10.  Remember in the end you are responsible for your own choices.  Having an insightful and dedicated mentor is not a substitute for self-guided, decision-making and personal assessment.  Mentees are often most successful when they take the time to "absorb the advice of some experienced mentors, while also trusting their own instincts to guide them."[22]  No matter what, you have to live with the outcomes of your choices.  So, even having an ideal mentor does not remove your duty to determine your own best action plan.[23]

Conclusion

Effort, self-analysis, respect, accountability, and initiative are the catalysts for successful mentoring relationships.  By rejecting the notion that a mentee's role is merely the passive half of the mentorship and instead by embracing an active leadership role, mentees can reap tangible successes from mentoring relationships. 

Sources:

[1] See Adam Grant, In the Company of Givers and Takers, Harvard Business Review,  Apr. 2013, available at http://hbr.org/2013/04/in-the-company-of-givers-and-takers/ar/1.

[2] See Sheryl Sandberg & Nell Scovell, Lean In- Women, Work and the Will to Lead 66 (2013).

[3] Oxford Dictionary of English (2d ed. 1989).

[4] Judy T. Zerzan, MD, MPH, et al, Making the Most of Mentors: A Guide For Mentees, Academic Medicine, Vol. 84, No. 1,  January  2009,  at 140.

[5] Diane Coutu, Finding the Right Mentors, in HBR Guide to Getting the Mentoring You Need, 917, Kindle file (Harvard Bus. Review Press 2014).

[6] Id., at 921.

[7] Sandberg, supra note 2, at 67.

[8] See id., at 71.

[9] Id.

[10] Grant, supra note 1.

[11]Jeanne C. Meister & Karie Willyerd, Accelerate Your Development: Tips for Millenials, in HBRGuide to Getting the Mentoring You Need 1436, 1503, Kindle file (Harvard Bus. Review Press 2014).

[12] Sandberg, supra note 2, at 71.

[13] Id. at 69.

[14] See id. at 68.

[15] Id.

[16] Sylvia Ann Hewlett, Melinda Marshall, & Laura Sherbin, Guide to Getting the Mentoring You Need, Harvard Business Review  (Jan.2014), available at  http://intuition-dallas.wikispaces.com/file/view/HBR+Guide+to+Getting+the+Mentor+-+Harvard+Business+Review.pdf.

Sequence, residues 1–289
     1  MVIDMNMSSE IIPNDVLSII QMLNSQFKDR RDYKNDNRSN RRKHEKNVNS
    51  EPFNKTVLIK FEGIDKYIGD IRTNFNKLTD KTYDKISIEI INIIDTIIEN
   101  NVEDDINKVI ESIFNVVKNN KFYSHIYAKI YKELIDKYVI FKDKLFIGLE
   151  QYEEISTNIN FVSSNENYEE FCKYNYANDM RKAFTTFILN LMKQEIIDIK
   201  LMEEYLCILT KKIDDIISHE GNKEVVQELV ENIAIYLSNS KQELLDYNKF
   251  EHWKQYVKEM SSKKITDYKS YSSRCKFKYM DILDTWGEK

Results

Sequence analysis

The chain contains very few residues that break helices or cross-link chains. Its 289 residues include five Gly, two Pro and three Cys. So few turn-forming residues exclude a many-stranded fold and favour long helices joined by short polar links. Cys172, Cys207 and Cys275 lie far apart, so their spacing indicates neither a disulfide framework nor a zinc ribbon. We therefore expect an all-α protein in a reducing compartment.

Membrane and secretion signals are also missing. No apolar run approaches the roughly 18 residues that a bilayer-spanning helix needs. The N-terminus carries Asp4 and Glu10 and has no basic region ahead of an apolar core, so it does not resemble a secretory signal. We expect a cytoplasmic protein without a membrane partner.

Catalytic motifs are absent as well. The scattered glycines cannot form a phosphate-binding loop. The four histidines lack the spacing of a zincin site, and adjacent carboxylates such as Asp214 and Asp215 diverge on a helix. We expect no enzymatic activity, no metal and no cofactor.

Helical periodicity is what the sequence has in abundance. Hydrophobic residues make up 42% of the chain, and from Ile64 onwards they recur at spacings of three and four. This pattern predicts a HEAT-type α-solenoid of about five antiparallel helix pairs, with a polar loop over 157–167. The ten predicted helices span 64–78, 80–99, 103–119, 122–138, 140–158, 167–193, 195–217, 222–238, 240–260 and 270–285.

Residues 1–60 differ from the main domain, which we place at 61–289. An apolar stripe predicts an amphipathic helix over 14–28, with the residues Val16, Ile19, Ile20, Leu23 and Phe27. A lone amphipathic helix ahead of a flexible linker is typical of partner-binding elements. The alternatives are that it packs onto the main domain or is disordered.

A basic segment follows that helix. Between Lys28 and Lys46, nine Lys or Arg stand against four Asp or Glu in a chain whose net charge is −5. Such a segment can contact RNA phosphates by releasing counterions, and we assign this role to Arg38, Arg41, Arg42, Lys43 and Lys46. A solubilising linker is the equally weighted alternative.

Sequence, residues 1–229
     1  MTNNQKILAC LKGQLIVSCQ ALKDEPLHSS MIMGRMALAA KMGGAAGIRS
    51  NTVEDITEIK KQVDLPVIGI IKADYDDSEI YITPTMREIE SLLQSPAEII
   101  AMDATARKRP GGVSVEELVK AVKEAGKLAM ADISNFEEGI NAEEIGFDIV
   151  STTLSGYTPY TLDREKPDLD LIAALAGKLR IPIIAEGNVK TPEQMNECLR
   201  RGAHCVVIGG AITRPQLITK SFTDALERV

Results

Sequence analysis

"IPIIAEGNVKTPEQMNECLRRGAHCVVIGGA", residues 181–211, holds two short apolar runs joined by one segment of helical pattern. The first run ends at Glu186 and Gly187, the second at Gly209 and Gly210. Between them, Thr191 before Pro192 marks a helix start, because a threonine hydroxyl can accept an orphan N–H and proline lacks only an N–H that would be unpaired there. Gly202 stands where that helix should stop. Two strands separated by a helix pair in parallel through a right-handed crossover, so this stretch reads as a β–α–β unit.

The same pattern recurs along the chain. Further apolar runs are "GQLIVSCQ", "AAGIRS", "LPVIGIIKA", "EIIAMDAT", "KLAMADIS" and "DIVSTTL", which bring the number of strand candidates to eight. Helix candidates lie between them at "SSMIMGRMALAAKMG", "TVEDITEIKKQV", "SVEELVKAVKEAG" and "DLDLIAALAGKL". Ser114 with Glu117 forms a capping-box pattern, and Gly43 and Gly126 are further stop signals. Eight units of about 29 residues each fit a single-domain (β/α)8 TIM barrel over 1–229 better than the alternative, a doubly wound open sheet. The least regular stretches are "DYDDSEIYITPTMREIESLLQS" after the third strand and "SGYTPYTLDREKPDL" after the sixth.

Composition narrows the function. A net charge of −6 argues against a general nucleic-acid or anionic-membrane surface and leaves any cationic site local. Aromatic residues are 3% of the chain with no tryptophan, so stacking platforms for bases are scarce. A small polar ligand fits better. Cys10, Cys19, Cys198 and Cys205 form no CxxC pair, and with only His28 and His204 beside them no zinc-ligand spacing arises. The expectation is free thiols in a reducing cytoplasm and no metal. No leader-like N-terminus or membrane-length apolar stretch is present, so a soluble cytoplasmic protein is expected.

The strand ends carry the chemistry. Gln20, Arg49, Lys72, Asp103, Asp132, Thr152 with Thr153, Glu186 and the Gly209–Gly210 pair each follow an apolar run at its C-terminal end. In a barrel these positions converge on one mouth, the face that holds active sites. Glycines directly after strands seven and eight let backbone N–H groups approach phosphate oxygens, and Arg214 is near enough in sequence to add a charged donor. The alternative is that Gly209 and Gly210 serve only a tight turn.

[17] Sylvia Ann Hewlett, Melinda Marshall, & Laura Sherbin, The Relationship you Need to Get Right, in Guide to Getting the Mentoring You Need 155, 268 (Harvard Bus. Review Press 2014).

[18] Gay Gaddis, 5 Ways To Make The Most Out Of Having a Mentor, Forbes, (Nov. 5, 3013), available at http://www.forbes.com/sites/gaygaddis/2013/11/05/5-ways-to-make-the-most-out-of-having-a-mentor.

[19] Mark Sanborn, You Don't Need a Title To Be A Leader In Life-How Anyone Anywhere Can Make a Positive Difference 7 (2006) .

[20] See Alison Griswold, Why Reverse Mentors Are So Important, Business Insider, (Oct. 3, 2013), available at http://www.businessinsider.com/reverse-mentors-matter-2013-10.

[21]  See Sandberg, supra note 2, at 68.

[22]David Cohen, Use Your Head, But Trust Your Gut, The Wall Street Journal Blog (Jan. 2, 2013 12:34 PM), http://blogs.wsj.com/accelerators/2013/01/02/use-your-head-but-trust-your-gut/.

[23]Bob Sutton, Five Signs Your Mentor is Giving You Bad Advice, LinkedIn (June 13, 2014, 2:15 PM), http://www.linkedin.com/today/post/article/20140116190606-15893932-five-signs-your-mentor-is-giving-you-bad-advice?trk=tod-posts-post1-psum.

 

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Jenna M. Bedsole

Jenna Bedsole, shareholder in the Birmingham office of Baker Donelson, is a member of the Labor & Employment Group. She has represented employers in a...

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Staci M. Pierce

Staci Pierce is an associate in the Birmingham office of Baker Donelson  where she focuses her practice on a variety of transactional matters for the financial services,...